What is the Texas law on falsifying a drug test?

What is the Texas law on falsifying a drug test? 

You found yourself needing to pass a drug test for work, probation, or some other reason, but you know you will fail. What should you do? We’re not going to advise you on what to do, but here is what happens if you get caught.

The answer to this question lies in the Texas Health and Safety Code. We turn to Section 481.133 – Offense:  Falsification of Drug Test Results:

TEXAS LAW:

(a) A person commits an offense if the person knowingly or intentionally uses or possesses with intent to use any substance or device designed to falsify drug test results.

(b) A person commits an offense if the person knowingly or intentionally delivers, possesses with intent to deliver, or manufactures with intent to deliver a substance or device designed to falsify drug test results.

(c) In this section, “drug test” means a lawfully administered test designed to detect the presence of a controlled substance or marihuana.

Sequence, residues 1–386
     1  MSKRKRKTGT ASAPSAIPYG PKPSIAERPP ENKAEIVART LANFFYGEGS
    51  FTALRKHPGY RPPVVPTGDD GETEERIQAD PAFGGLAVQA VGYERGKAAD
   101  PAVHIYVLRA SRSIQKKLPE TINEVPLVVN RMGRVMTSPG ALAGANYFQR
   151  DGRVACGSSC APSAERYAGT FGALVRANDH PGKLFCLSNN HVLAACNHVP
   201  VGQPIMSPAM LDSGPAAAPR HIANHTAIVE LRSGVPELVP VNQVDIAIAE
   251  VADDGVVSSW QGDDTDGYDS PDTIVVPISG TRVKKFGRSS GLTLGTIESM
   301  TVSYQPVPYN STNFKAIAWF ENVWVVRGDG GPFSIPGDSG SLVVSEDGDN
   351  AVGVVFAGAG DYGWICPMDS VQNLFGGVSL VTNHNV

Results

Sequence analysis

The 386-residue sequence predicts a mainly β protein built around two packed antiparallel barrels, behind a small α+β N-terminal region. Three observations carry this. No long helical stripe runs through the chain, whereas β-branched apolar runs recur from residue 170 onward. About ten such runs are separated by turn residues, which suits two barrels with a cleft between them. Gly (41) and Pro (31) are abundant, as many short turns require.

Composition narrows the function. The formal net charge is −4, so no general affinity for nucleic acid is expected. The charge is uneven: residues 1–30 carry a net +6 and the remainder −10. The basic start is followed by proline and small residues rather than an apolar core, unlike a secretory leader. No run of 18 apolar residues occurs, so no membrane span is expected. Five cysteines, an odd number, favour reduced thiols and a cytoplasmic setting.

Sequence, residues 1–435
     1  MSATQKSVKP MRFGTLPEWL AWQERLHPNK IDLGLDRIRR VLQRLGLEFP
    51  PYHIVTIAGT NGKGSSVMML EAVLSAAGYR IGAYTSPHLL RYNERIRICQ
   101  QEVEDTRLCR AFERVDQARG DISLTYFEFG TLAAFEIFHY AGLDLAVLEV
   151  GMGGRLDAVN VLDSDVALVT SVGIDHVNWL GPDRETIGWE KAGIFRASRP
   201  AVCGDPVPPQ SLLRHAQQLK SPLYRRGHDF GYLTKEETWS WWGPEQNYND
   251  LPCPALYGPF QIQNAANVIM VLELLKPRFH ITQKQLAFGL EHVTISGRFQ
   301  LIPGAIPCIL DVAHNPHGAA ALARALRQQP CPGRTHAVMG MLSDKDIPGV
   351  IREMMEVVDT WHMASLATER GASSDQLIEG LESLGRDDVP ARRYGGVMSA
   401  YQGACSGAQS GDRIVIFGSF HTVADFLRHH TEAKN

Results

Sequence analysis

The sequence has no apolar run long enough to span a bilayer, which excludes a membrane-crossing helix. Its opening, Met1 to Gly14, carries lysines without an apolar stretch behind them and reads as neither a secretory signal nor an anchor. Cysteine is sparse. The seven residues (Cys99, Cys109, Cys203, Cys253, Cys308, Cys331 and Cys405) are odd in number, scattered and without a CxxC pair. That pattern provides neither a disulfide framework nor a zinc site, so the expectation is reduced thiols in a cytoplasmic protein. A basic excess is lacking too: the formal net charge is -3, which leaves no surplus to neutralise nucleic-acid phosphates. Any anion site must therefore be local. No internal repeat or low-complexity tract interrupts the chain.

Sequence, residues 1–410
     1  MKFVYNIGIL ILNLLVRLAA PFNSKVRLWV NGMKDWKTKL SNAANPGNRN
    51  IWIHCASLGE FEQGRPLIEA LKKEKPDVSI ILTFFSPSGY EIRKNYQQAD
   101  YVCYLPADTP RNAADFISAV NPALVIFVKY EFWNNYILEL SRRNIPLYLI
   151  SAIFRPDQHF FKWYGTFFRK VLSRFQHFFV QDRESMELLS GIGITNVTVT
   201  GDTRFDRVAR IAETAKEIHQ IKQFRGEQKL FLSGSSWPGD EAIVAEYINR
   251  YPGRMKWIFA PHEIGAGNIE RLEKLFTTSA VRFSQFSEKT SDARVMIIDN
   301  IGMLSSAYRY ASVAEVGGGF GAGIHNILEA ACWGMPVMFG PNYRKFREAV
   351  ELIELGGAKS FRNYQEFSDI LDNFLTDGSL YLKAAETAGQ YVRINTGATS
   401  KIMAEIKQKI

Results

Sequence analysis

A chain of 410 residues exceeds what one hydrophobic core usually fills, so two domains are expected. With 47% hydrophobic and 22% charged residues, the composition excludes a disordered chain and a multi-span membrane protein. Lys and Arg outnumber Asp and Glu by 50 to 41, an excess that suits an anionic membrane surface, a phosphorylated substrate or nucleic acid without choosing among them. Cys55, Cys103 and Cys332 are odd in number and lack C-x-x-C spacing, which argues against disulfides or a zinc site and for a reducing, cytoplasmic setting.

(d) An offense under Subsection (a) is a Class B misdemeanor.

(e) An offense under Subsection (b) is a Class A misdemeanor.

What does that mean? Let’s break it down…

Section “a” deals with knowingly or intentionally using or possessing with intent to use a device that is used to falsify drug tests. The most common item we see people get caught with is The Wizzinator, which is a device that contains fake (or real) urine. If you knowingly or intentionally use or possess with the intent to use a Wizzinator, you’re looking at a Class B Misdemeanor, which is punishable by up to 6 months in the county jail and up to a $2,000 fine.

Section “b” deals with selling or giving away a device like a Wizzinator. If you get caught doing that then you’re facing a Class A Misdemeanor, which is punishable by up to 1 year in the county hail and up to a $4,000 fine.

Section “c” defines what a “drug test” is, and that is limited to a “lawfully administered test designed to detect the presence of a controlled substance or [marijuana].”

What should you do if you get caught? Don’t admit anything and call a lawyer! This is a knowledge / intent crime, meaning the government will have to prove your motive (what is inside your head) to prove their case.

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